MEET THE TEAM – Wasim Fazel



Position : EC Member

On Family, Framework and Festivals.

As someone who I’ve been on the road with and shared many a WhatsApp conversion about in relation to our joint love for Manchester United and growing ambivalence towards British politics, the one word I could use to encapsulate my relationship with Wasim Fazel is respect. Mutual, I hope!

A son of Mombasa, Wasim moved to the UK in 1991, to Leicester first, then onto 6 years at Manchester where he completed a degree in Dentistry, before finally moving South, where dental practices have been set up, principally in East London. Wasim’s father, the Late Zulfikar Fazel was a prominent member of Mombasa Jamaat, where he served as Secretary to the Jamaat administration and won the coveted Jafferys Sportsman of the Year award in 1981 for prowess in Cricket. His mother, Fatima, is also from Mombasa and has served on the EC at Leicester in both a sporting capacity as well as at Jamaat level. Wasim talks of the encouragement derived from both parents, especially his father as one of the primary motivations for service at SJ level.

On meeting Wasim it’s clear there’s vision in both his appointment to the EC and perceptiveness to what he is aiming to deliver. This certainly isn’t some sort of random making the numbers selection. You can hear the lilt in his voice as he talks proudly of his Mombasa heritage – how the club there kept youths inclined to community affairs – fostering both communality and religiosity, as well as keeping the youths out of trouble’s clutches. Somewhat innocently, Wasim thought such institutions would be universal and on moving to the UK, was surprised to find we didn’t have such provision out here. Commending the founders of Stanmore Jafferys and acknowledging the leaps and bounds made by our predecessors, Wasim notes his goal as a committee pledge and that’s to be involved in the establishment of our own club venue – either to put the foundations in place or to establish the venue altogether.

It’s both warming and humbling to listen to Wasim talk of family. He cites his father as a major influence – a mentor, even – and someone whom he truly misses, following Zulfikar’s untimely passing in the Summer of 2020. His elder brother Maisam is another who he turns to for advice and quiet counsel, whilst his sister, Samana, herself a victor of a staggering 20 MAMT football tournaments, as well as successes at both Umoja and Unity games, is whom he looks to as one of his sporting heroes. Others from the community who Wasim admires include Asif Karim. On Asif, Wasim displays a tone of enchantment- almost fan-like in its rendering – remarking on the pride he felt on this fellow Khoja leading his national team to the Semi Finals at the grandest of stages. The notable mention for another cricketer, his cousin, Riyaz Fazel suggests the affection Wasim has for cricket and what he aims to achieve on the cricketing front at SJ. ‘Cricket’s in our blood,’ he enthuses. ‘We’ve gone a bit soft on that front and it’s an area I’m really hoping to revive with SJs’.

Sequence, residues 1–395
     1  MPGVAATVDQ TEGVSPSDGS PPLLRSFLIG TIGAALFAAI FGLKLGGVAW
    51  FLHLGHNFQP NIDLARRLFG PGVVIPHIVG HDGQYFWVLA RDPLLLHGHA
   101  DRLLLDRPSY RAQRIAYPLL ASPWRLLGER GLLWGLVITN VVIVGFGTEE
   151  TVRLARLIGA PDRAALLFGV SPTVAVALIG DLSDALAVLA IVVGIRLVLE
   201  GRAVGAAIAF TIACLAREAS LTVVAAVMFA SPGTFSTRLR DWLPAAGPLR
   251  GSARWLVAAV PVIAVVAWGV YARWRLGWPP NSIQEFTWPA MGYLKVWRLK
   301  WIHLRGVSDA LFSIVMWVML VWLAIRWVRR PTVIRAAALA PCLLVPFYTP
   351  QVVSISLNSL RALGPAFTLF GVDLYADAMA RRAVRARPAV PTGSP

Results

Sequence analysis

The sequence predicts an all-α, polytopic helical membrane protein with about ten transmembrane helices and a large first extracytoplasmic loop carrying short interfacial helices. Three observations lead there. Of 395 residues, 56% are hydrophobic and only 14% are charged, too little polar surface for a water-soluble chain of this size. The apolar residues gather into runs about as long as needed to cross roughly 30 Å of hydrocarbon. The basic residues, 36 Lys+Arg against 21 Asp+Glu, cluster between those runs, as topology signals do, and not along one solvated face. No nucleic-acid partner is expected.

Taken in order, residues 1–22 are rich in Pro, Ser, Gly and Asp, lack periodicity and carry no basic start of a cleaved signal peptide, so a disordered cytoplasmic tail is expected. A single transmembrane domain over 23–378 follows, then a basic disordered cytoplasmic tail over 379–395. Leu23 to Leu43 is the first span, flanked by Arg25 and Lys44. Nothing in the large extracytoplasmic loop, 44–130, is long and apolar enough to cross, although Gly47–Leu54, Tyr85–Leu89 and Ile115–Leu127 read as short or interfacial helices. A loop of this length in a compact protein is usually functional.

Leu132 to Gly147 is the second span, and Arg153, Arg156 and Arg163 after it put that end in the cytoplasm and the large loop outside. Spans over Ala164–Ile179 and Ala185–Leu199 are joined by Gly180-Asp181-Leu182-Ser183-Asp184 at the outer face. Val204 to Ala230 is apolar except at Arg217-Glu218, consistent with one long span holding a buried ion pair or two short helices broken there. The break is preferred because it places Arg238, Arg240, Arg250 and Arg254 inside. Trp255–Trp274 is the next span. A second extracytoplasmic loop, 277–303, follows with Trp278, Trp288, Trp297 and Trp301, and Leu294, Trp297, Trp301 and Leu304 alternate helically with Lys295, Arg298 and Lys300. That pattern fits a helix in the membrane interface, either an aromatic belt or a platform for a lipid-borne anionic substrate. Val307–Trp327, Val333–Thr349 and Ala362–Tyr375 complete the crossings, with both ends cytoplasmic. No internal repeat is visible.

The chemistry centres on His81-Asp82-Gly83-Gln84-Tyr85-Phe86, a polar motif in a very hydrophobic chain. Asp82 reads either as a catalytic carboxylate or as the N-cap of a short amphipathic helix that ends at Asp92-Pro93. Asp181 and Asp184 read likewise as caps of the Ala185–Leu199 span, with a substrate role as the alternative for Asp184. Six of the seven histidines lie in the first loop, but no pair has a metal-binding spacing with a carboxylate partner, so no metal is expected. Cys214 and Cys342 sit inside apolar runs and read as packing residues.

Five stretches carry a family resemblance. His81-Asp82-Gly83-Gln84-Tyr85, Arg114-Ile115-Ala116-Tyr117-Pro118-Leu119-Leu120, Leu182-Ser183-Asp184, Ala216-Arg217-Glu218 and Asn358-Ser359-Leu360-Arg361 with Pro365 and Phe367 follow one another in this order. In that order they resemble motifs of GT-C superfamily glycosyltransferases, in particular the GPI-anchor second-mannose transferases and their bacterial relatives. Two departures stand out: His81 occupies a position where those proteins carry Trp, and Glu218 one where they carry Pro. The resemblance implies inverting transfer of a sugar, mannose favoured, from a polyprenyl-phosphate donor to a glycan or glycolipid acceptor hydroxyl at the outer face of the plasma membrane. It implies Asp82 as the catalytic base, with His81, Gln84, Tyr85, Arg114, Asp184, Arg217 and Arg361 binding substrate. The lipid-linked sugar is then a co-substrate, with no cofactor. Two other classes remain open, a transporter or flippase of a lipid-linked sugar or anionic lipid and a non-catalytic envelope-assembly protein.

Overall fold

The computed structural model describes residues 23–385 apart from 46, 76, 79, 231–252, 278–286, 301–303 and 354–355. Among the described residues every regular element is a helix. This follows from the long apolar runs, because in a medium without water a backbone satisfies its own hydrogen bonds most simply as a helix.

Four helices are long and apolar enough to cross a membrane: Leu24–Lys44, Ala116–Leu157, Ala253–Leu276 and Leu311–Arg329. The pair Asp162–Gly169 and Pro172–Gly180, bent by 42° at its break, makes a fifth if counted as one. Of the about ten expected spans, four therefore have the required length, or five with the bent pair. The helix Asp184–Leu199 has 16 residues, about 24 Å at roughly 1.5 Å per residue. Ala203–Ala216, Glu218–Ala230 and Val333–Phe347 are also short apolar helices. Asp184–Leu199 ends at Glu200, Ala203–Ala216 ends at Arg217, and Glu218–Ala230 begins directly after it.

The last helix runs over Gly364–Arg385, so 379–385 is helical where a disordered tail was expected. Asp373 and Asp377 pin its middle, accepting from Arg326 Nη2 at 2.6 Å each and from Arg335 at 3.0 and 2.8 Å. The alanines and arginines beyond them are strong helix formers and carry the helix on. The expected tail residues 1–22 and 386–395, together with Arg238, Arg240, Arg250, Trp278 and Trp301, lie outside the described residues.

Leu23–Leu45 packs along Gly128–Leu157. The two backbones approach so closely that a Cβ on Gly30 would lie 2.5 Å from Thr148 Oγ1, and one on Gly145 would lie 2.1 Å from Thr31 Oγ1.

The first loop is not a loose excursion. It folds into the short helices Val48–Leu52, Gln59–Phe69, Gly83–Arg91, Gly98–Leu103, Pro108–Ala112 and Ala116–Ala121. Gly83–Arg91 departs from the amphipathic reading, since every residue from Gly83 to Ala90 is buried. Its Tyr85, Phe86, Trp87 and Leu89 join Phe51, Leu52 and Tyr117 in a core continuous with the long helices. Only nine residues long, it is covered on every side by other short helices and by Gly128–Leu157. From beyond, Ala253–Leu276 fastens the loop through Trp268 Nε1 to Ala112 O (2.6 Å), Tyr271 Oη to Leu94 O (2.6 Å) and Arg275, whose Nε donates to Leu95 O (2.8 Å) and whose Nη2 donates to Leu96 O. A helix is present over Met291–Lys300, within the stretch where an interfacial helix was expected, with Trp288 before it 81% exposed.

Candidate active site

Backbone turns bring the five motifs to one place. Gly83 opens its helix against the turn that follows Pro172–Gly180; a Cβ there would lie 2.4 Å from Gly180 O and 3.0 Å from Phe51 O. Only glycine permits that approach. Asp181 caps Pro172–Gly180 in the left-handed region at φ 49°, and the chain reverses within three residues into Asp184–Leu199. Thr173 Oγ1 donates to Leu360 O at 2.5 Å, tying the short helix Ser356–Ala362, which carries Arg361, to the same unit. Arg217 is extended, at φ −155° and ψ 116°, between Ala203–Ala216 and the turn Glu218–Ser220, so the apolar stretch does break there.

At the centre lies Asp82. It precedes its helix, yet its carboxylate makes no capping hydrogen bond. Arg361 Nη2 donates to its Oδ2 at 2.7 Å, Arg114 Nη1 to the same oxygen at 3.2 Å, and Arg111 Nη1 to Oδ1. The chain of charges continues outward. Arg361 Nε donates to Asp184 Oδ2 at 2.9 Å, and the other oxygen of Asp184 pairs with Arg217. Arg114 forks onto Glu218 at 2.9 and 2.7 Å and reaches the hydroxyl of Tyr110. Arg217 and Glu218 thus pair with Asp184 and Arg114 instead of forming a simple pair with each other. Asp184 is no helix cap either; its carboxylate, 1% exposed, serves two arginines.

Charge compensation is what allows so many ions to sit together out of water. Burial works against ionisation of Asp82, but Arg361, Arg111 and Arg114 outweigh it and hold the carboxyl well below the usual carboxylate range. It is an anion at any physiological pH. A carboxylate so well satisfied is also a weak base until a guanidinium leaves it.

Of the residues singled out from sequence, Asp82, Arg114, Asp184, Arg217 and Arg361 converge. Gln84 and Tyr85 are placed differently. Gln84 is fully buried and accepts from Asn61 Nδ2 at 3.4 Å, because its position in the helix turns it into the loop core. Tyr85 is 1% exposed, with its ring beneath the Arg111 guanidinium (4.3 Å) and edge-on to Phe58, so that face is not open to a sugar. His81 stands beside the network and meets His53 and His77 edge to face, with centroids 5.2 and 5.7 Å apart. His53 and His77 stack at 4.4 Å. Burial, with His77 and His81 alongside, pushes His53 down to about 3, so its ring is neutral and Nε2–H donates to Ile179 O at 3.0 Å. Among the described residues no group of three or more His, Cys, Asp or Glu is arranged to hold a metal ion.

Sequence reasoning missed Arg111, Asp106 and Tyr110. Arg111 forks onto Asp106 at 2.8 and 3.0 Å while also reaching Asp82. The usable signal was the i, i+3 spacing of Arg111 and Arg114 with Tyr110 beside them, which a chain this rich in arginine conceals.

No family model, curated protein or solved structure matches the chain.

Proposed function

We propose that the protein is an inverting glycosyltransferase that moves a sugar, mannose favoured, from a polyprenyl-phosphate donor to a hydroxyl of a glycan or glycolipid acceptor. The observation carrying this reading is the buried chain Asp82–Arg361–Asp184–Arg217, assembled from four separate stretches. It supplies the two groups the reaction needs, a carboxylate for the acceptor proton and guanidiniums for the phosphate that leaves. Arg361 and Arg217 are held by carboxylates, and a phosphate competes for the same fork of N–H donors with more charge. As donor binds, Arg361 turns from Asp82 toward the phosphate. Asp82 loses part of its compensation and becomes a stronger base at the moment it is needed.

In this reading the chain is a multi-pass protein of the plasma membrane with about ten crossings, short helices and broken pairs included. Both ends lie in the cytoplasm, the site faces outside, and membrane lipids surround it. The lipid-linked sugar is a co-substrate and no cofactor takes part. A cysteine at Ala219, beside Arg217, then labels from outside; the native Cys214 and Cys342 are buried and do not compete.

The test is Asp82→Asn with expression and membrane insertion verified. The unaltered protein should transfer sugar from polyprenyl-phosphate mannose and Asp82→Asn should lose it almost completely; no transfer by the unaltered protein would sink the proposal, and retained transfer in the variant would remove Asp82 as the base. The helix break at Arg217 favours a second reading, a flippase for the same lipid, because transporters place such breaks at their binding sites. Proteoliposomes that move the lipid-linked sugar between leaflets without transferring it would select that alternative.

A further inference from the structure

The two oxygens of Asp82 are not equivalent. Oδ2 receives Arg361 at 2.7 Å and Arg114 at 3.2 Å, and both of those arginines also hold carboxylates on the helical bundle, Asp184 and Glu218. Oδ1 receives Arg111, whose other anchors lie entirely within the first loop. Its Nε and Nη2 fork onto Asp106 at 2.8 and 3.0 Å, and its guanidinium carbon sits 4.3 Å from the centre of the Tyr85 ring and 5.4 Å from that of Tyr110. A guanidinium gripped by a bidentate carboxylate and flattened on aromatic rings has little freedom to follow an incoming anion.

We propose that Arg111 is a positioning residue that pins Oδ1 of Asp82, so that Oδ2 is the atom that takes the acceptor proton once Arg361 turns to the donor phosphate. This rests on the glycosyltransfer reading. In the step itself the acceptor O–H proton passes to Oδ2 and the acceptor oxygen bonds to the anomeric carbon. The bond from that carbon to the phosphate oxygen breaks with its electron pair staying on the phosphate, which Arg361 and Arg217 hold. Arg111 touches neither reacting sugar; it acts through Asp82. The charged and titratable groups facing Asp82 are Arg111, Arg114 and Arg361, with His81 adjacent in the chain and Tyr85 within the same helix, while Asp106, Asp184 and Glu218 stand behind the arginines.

Wasim talks nostalgically of his tournament memories. ‘The Africa Federation Festival in 1987 was a particular highlight and I recall the Late Muslim Kanji batting Nairobi to victory then. But it was a festival in the truest sense. There was a lot more than just sports going on. Camaraderie, learning about different outposts in the Khoja world, networking, banter – it was all bubbling under a sports platform and it was riveting to experience’. Taken by the world of sporting festivals, Wasim himself would set the stage alight and batted his way to Table Tennis doubles victory at the COEJ Festival in Birmingham in 1993. Most recently, Wasim has been closely involved in the organisation of the SJFA Salaam Cup, recently recipient of the English FA’s One For All Award and host to a swashbuckling 102 teams in 2019. One looks on with palpable expectancy as to the experiences Wasim is bringing to the table. No pressure, then.

As part of the administration, Wasim names the DFB (that’s the German Football Association for the unencumbered) as a great model of success. ‘Look to Germany – from youth development to competitiveness to sustainable and inclusive financial modelling – the Germans have it spot on. If we can inculcate and build on the efforts of those who have come before, then we aren’t that far off from a framework perspective’. Wasim talks of other particularly German attributes such as transparency and directness as structures within which he works best. On current vice- president, Shaneabbas Merali, Wasim mentions ‘I like Shane’s directness. He says it how it is. He’s upfront and if there’s a problem it’s swiftly dealt with. Shane was definitely a factor in me coming on board’. Clearly political manoeuvrings aren’t Wasim’s bag and he’s almost imploring in his urging for members both generally and those who are in the EC to know where we each stand and to work within an environment of openness and honesty.

As our discussions come to a close, I send Wasim a virtual steak. ‘Great,’ Wasim laughs. Meat is probably the one non-essential I wouldn’t be able to go without. Meat and chillies is what I’d be taking to a desert island’. This use of remote imagery reminds me of the personal disconnection we are all experiencing in the present moment. But one is immediately encouraged by Wasim’s enthusiasm – COVID might have thwarted Salaam Cup in 2020, but there are some grand designs whirring away – and with SJ’s mission endeavour to stay connected, we hope we’ll be able to deliver virtually in the first instance and tangibly thereafter.

Written by Maisam Datoo – Asst. Secretary